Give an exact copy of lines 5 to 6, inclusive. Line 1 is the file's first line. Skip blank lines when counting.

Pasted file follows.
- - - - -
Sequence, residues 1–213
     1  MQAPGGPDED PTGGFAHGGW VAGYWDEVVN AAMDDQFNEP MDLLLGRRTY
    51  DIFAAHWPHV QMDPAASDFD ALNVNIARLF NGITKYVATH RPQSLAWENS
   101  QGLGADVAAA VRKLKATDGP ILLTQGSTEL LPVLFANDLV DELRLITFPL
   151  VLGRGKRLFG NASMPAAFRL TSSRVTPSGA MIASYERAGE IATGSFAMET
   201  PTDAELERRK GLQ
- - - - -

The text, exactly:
   151  VLGRGKRLFG NASMPAAFRL TSSRVTPSGA MIASYERAGE IATGSFAMET
   201  PTDAELERRK GLQ